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Protecting the immunocompromised is not only a matter of health equity, it’s critical to ending the pandemic.
Researchers showed that B cells evolve after COVID-19 vaccination to help improve protection against SARS-CoV-2 over time.
Boosters reduced the risk of hospitalization and death by about 80% for people with HIV, cancer, autoimmune conditions or organ transplants.
Studies evaluate the impact of COVID-19 infection, treatments and vaccination in this uniquely vulnerable population.
Older and immunocompromised people and those with underlying health conditions could benefit most from additional shots.
The findings suggest boosters not only lengthen immunity but help broaden and strengthen the immune response.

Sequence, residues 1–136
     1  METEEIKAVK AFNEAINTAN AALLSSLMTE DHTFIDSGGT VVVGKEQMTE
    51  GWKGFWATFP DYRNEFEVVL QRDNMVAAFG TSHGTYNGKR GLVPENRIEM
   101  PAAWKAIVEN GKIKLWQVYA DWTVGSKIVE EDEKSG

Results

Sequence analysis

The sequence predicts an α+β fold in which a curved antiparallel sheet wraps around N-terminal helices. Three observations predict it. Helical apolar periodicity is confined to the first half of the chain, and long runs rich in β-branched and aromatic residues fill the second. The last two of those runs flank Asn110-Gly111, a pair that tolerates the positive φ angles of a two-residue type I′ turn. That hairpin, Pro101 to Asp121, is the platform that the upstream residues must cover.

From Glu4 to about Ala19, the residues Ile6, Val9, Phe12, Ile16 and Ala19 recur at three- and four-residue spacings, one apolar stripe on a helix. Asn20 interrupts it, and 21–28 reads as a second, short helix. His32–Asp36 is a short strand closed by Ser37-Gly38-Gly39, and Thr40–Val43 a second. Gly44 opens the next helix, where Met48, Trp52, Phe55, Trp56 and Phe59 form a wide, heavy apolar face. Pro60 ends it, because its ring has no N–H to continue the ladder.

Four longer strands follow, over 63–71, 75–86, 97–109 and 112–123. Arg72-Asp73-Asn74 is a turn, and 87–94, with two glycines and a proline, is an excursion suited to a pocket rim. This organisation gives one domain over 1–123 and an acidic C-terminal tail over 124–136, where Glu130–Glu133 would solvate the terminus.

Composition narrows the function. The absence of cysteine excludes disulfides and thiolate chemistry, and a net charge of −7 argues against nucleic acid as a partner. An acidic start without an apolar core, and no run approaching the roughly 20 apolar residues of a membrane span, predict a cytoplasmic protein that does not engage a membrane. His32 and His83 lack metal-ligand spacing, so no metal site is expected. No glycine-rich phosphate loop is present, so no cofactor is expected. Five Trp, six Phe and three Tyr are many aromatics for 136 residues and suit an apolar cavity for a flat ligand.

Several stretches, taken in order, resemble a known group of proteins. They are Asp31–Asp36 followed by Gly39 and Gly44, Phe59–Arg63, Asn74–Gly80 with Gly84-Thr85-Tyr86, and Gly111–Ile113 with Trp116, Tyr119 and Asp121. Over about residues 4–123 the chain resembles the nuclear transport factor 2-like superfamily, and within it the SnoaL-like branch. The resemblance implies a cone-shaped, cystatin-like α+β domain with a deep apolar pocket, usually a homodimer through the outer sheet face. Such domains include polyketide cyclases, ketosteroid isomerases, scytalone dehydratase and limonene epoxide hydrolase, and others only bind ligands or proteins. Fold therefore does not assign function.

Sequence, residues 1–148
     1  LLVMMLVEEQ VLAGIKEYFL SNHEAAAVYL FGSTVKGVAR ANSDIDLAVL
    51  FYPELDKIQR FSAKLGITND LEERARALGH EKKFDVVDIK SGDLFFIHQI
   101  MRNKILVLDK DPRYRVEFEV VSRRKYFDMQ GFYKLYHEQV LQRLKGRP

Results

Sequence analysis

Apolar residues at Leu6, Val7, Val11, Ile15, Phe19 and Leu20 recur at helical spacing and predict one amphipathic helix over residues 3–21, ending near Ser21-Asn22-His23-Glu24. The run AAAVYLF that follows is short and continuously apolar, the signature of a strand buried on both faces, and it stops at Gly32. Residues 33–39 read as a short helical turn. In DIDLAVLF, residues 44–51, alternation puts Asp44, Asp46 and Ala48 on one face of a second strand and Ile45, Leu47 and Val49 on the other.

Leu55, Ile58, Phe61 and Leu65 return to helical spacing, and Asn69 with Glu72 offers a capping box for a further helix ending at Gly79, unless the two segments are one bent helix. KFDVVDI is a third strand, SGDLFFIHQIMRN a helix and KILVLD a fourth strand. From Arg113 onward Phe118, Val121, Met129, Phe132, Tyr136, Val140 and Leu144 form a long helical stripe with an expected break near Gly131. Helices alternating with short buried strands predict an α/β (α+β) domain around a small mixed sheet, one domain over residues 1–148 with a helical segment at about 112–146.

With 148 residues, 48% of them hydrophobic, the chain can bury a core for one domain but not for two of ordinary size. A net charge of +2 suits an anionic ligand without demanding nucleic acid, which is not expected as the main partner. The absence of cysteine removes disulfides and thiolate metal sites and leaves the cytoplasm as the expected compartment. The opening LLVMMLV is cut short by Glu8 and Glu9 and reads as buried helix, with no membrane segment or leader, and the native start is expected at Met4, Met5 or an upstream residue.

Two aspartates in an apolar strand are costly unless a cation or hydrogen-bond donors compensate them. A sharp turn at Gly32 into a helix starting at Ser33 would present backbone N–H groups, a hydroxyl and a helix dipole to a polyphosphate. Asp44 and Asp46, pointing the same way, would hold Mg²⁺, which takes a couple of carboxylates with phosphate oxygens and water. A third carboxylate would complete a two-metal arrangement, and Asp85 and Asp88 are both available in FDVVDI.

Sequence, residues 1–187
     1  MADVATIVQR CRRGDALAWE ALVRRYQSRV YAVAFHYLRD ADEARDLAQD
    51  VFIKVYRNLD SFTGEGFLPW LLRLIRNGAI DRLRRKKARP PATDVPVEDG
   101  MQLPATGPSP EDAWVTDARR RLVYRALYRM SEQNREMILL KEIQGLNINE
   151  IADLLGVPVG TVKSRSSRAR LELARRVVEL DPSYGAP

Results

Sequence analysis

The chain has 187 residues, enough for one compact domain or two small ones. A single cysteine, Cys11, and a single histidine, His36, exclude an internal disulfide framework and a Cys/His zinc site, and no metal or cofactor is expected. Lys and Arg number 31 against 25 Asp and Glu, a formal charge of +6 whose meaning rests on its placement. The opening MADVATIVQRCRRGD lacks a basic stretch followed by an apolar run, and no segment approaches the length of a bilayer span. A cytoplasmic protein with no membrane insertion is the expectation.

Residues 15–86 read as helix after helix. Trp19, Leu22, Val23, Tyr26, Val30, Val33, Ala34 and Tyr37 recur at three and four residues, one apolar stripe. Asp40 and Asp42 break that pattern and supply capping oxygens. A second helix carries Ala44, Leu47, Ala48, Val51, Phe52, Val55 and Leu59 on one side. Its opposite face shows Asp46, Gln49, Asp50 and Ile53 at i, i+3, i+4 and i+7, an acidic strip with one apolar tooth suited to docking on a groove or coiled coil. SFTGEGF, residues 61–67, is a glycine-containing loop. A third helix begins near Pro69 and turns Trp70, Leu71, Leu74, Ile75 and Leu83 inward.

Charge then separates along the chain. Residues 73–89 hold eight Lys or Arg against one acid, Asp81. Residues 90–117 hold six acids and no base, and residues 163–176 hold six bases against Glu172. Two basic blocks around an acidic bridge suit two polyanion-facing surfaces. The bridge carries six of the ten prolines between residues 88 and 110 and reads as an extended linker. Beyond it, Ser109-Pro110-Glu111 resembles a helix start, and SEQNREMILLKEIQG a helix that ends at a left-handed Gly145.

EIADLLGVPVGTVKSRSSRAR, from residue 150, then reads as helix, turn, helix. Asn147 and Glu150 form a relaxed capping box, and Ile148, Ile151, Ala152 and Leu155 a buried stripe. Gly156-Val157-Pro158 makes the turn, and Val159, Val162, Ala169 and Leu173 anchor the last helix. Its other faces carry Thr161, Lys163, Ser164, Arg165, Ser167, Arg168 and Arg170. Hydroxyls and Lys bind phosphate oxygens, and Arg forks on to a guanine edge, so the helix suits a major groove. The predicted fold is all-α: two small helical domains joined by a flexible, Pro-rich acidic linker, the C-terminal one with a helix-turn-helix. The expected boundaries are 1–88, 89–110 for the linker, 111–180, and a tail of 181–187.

People who received the Moderna COVID-19 vaccine had strong immune memory of SARS-CoV-2 six months after vaccination.
What protects most children from becoming seriously ill? And why does that protection sometimes fail?
About half of people hospitalized with COVID-19 had antibodies that could mistakenly attack the body’s own proteins and tissues.
The booster is recommended for organ transplant recipients, people receiving cancer treatment and people with advanced or untreated HIV.
Experts call for heightened precautions and better, more intensive therapies for COVID-19 patients with weakened immune systems.
Response to natural SARS-CoV-2 infection suggests HIV-positive people can also respond well to COVID-19 vaccines.
People with immune deficiency may not respond as well to vaccines but could still gain some protection.
Research suggests protective effect of natural infection or vaccination is likely to be persistent.
Natural immunity and vaccine responses may be weaker in people with immune suppression, so they should get their second dose promptly.
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